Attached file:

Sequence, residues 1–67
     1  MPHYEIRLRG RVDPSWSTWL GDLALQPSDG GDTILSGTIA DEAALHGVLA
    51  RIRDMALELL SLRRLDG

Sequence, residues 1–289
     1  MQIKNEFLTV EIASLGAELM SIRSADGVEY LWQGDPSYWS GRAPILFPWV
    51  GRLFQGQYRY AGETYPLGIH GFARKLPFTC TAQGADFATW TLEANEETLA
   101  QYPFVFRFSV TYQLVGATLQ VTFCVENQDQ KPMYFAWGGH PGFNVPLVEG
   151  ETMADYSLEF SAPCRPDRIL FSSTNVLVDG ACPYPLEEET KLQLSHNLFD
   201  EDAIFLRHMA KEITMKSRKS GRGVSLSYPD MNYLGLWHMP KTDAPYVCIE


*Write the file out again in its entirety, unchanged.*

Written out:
Sequence, residues 1–67
     1  MPHYEIRLRG RVDPSWSTWL GDLALQPSDG GDTILSGTIA DEAALHGVLA
    51  RIRDMALELL SLRRLDG

Sequence, residues 1–289
     1  MQIKNEFLTV EIASLGAELM SIRSADGVEY LWQGDPSYWS GRAPILFPWV
    51  GRLFQGQYRY AGETYPLGIH GFARKLPFTC TAQGADFATW TLEANEETLA
   101  QYPFVFRFSV TYQLVGATLQ VTFCVENQDQ KPMYFAWGGH PGFNVPLVEG
   151  ETMADYSLEF SAPCRPDRIL FSSTNVLVDG ACPYPLEEET KLQLSHNLFD
   201  EDAIFLRHMA KEITMKSRKS GRGVSLSYPD MNYLGLWHMP KTDAPYVCIE